Trey Masek: Prospect Profile for Chicago Cubs' 5th-Round Pick

Mike Rosenbaum@GoldenSombreroMLB Prospects Lead WriterJune 7, 2013

Courtesy of Texas Tech
Courtesy of Texas Tech

Player: Trey Masek

Drafted by: Chicago Cubs (No. 138 overall)

Position: RHP

DOB: 1/9/1992 (Age: 21)

Height/Weight: 6’1”/195 lbs

Bats/Throws: R/R

School: Texas Tech

Previously Drafted: N/A



After logging 67 innings between the starting rotation and bullpen as a freshman at Texas Tech, Masek enjoyed a breakout campaign the following year with a 3.40 ERA and 46/20 K/BB over 53 innings in a similar role.

However, the right-hander didn’t emerge as a legitimate draft pick until the summer in the Cape Cod League when he demonstrated the ability to miss bats consistently for the first time in his career. Over seven starts in the prestigious college league, Masek registered a 3.17 ERA with 47/15 K/BB in 39.2 innings.

His improved strikeout rate carried over into this junior season and resulted in the best season of his college career. Granted he missed a month of the season with a bout of rotator cuff tendinitis, but Masek still registered a 1.82 ERA and 0.99 WHIP with 69/22 K/BB in 79 innings. Equally impressive is the fact that he didn’t allow a home run in either 2012 or 2013.

The ongoing concern with Masek is whether the 6’1” right-hander can be successful as a starter at the next level. While his advanced command and feel for pitching gives him the ceiling of a back-end starter, the inconsistencies in his delivery and a lack of a dominant pitch could also lead to a future as a long reliever.


Full Scouting Report 

Note: Numerical scores are on the conventional 80-point scouting scale, with the current score first and projected score second.


Undersized right-hander at 6’1”, 195 pounds; questionable durability; has smoothed out mechanics over the last year; works to create downhill plane; consistent delivery; arm action is clean for the most part; has some extra motion on the backside that can throw off his overall timing and prevent a consistent release point; will struggle to repeat from the stretch.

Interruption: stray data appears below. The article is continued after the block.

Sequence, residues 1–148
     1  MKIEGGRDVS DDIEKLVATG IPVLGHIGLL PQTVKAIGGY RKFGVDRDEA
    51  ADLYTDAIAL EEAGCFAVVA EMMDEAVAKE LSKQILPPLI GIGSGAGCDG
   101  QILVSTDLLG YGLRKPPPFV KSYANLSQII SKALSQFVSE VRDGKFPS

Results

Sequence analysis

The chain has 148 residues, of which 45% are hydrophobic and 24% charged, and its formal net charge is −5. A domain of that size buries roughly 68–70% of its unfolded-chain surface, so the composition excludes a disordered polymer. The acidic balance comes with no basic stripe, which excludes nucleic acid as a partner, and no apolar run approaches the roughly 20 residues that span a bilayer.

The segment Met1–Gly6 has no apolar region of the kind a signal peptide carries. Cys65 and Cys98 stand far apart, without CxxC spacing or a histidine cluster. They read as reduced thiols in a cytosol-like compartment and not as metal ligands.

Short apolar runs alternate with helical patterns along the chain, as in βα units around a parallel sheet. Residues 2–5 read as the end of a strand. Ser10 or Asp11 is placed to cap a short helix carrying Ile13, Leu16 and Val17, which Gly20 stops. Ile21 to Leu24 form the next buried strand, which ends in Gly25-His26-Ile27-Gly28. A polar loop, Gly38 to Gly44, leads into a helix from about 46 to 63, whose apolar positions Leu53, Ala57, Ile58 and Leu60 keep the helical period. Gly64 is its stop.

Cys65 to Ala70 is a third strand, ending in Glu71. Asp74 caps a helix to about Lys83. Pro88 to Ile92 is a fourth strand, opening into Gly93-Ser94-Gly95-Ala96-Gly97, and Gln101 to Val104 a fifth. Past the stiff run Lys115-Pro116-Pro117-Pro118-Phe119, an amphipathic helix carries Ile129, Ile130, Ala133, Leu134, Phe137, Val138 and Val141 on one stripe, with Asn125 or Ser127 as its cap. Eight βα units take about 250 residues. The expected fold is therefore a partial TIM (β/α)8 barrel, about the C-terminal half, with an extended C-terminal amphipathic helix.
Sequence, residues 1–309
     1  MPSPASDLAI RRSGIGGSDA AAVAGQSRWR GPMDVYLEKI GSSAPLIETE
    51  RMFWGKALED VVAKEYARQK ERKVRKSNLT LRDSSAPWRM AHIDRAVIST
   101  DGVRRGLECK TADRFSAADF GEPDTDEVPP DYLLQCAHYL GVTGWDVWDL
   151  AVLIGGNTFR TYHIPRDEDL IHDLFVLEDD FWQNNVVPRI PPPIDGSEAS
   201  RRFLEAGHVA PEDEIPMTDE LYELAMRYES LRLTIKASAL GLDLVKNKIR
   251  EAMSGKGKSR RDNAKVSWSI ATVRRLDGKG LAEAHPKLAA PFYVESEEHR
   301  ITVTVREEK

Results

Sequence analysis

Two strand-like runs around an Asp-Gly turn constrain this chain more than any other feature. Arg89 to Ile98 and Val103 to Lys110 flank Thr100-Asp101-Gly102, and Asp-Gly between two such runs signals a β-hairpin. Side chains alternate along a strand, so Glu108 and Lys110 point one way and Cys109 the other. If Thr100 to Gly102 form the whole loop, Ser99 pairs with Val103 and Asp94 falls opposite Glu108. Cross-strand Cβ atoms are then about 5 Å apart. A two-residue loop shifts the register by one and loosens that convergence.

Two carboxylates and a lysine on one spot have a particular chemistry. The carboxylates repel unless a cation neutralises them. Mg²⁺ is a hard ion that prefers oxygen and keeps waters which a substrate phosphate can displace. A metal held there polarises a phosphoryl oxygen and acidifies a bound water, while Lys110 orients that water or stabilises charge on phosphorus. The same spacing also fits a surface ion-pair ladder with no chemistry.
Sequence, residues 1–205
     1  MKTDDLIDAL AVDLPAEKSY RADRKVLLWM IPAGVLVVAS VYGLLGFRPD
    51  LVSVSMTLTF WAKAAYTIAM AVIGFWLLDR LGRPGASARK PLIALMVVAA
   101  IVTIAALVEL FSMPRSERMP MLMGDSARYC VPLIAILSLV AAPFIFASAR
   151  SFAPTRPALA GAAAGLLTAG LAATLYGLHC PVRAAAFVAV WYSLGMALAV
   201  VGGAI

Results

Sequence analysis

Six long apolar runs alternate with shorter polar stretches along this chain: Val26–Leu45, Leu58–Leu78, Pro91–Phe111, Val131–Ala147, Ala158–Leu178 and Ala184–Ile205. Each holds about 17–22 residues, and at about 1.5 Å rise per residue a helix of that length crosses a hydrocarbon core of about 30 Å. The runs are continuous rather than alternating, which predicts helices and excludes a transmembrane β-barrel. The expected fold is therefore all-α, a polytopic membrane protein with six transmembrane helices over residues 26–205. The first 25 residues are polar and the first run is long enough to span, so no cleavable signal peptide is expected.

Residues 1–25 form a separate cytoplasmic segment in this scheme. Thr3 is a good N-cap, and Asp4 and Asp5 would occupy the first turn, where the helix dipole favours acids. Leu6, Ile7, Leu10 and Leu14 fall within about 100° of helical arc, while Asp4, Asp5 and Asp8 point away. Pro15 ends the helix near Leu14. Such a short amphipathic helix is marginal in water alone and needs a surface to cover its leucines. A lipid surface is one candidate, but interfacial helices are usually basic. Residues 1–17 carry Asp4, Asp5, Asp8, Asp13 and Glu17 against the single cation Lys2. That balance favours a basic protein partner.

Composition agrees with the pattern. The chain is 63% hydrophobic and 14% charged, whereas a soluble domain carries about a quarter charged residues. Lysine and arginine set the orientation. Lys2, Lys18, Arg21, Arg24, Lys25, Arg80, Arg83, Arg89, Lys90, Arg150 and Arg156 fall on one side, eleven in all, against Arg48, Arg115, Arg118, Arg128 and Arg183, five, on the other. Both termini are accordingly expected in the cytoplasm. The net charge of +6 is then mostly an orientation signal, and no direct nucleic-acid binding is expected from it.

Fastball: 50/55

Velocity has been down this spring after missing a month with rotator cuff tendinitis; usually sits in the 88-93 mph range; was 91-94 mph and bumping 95 mph over the summer; pitch can get hammered when left up in the zone; some late life.


Curveball: 50/55

Arguably his best offering at 75-78 mph; thrown with solid pace and depth; late, downer bite; effective when located down in the zone; feel for using it against both right- and left-handed hitters.


Slider: 45/55

Less consistent pitch than curveball; 79-83 mph with some downer action; plays more like a curveball variation than a true slider at times; tight spin; has a chance to be average at worst.

Changeup: 40/50

Least advanced offering in the low-80s; pitch has steadily improved over the last year; similar arm action to fastball; turns it over well to create some fade to the arm side.

Control: 50/55

Always around the strike zone; improved efficiency with mechanics has aided overall control; knows how to pitch; still has room to improve.


Command: 40/50

Biggest knock is that he tends to work up in the zone too often with the fastball, and sometimes with the curveball; commands fastball to arm side; mechanics prevent the same level of command to glove side; noticeable feel for pitching; ability to command change will be vital toward success at the next level.


MLB Player Comparison: Kris Medlen


Projection: No. 4 starter


MLB ETA: 2016


Chances of Signing: 80 percent


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